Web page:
Sima Shakhsari teaches in the Department of Gender, Women, and Sexuality Studies. Their book manuscript titled Blogging in Times of War: Civil Society, Gender, and Sexuality in Weblogistan (forthcoming 2019, Duke University Press) provides an analysis of Weblogistan as a site of cybergovernmentality where simultaneously national and neoliberal gendered subjectivities are produced through online and offline heteronormative disciplining and normalizing techniques. Shakhsari’s new research examines the way that Iranian transgender refugees are nationalized/denationalized, sexed, gendered, and raced in multiple re-reterritorializations as they transition across national boundaries, online and offline “frontiers,” sexual norms, religious discourses, and geopolitical terrains during the “war on terror.”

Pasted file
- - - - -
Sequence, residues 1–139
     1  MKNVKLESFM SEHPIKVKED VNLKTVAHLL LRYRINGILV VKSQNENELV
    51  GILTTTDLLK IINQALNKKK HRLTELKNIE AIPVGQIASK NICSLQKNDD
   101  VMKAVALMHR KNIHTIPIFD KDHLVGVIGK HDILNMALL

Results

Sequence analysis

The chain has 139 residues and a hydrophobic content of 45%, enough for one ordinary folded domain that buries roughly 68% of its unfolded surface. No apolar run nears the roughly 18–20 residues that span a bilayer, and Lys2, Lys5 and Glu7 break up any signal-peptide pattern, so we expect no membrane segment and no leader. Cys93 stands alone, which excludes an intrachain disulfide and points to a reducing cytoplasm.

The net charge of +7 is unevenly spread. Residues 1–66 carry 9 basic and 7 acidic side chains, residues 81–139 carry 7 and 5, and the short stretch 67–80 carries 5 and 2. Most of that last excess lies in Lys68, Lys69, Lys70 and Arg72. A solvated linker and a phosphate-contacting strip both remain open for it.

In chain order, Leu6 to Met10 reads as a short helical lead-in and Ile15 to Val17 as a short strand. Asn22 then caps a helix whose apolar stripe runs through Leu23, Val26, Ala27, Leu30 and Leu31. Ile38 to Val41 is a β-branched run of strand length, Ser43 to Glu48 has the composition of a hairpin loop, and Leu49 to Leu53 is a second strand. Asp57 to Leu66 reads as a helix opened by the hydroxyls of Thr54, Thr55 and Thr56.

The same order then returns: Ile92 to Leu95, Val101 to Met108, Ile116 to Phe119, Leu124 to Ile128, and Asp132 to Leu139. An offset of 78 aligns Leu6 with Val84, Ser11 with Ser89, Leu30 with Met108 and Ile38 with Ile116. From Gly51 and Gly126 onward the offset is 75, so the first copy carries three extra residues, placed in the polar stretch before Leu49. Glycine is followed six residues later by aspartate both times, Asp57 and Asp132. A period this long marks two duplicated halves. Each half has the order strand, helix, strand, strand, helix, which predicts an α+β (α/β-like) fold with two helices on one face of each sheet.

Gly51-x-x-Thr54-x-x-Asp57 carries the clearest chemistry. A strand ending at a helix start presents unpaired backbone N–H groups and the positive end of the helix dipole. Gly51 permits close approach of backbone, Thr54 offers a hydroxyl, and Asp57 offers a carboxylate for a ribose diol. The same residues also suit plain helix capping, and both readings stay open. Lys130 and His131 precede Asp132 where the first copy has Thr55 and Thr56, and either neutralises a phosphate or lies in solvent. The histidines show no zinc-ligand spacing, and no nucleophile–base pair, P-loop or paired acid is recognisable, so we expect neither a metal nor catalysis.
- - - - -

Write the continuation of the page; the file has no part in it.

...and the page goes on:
Roozbeh Shirazi is an Assistant Professor in the Comparative and International Development Education program in the College of Education and Human Development. Informed by ethnographic inquiry and educational policy analysis, his scholarship focuses on secondary and postsecondary education as arenas of cultural and political struggle in Jordan. His educational research in Jordan has traced, over a ten-year period, how political and economic shifts in Jordan have transformed the meanings attached to citizenship and belonging, gender, and schooling as well. Shirazi’s research also uses educational settings to explore the intersections of diasporic subjectivities, racism, and the politics of belonging of Middle Eastern and Muslim migrant and diaspora communities in the United States and Europe. Currently, he is working on a project with a team of researchers examining civic practices of youth from Muslim immigrant communities in the United States. He is also beginning a multimedia project with educators, school leaders, and recently resettled Syrian and Afghan youth in France. These projects are unified by his commitment to interrupt —and imagine alternatives to— hegemonic and dehumanizing depictions of Iranian, Arab, and Muslim immigrant communities that animate contemporary migration and educational policies, curricular resources, and pedagogical practices. He is interested in how formal and community-organized educational settings and practices may be productive of new diasporic imaginaries and solidarities with other minoritized communities in the United States and Europe.